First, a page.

Click on the 'hot spots' below to find out how Ireland is represented in the Houses of Parliament's art and architecture.
The fire that destroyed the old Houses of Parliament in 1834 created an unprecedented opportunity to erect a purpose-built parliamentary building for the United Kingdom of Great Britain and Ireland. As a result, much of the decoration relates to the four nations - England, Ireland, Scotland and Wales - then governed from Westminster.
Sir Charles Barry and AWN Pugin were responsible for the architecture and decorative arts of the new Palace of Westminster. Their schemes contain many images of the four national patron saints, as well as heraldic symbols that relate to the four nations.
A royal commission chaired by Prince Albert oversaw the ‘fine arts’. Like Barry and Pugin, the Fine Arts Commission drew on national emblems and the figures of the patron saints to emphasize the building’s position as the home of the United Kingdom’s legislature.
Later decorative schemes often followed these earlier examples.
This is one of four mosaics depicting the patron saints of Great Britain and Ireland in the Central Lobby of the Palace of Westminster. The scheme was set out by the Fine Arts Commission in 1847: ‘bearing in mind that the Hall is the central point of the whole building...the nationality of the component parts of the United Kingdom should be the idea here illustrated and would be appropriately expressed by representations of the four Patron Saints’.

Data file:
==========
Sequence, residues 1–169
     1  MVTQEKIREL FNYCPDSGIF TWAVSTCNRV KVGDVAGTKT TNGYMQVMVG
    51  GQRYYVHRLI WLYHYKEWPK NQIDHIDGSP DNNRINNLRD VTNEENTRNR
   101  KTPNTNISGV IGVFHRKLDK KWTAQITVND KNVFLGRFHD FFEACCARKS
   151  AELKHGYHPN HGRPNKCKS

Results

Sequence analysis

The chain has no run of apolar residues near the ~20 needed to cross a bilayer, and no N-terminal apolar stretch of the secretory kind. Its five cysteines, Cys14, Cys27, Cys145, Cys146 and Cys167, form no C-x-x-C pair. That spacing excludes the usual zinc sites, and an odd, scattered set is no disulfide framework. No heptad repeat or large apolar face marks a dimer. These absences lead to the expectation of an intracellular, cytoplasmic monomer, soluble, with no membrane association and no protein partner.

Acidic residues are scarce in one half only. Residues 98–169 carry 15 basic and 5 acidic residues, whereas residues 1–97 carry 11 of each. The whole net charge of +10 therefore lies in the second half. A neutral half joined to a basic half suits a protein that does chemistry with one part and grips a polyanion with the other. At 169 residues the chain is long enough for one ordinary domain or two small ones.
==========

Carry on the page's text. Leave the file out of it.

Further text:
The mosaic was designed by Professor Robert Anning Bell and made by a team led by mosaicist Gertrude Martin in 1924. In 1922 Ireland had been divided into Northern Ireland and the Irish Free State (which later became the Republic of Ireland). To reflect this division St Columba and the Red Hand of Ulster (on the left) were used to represent Northern Ireland, while St Brigid and the Irish harp (on the right) represented the Irish Free State.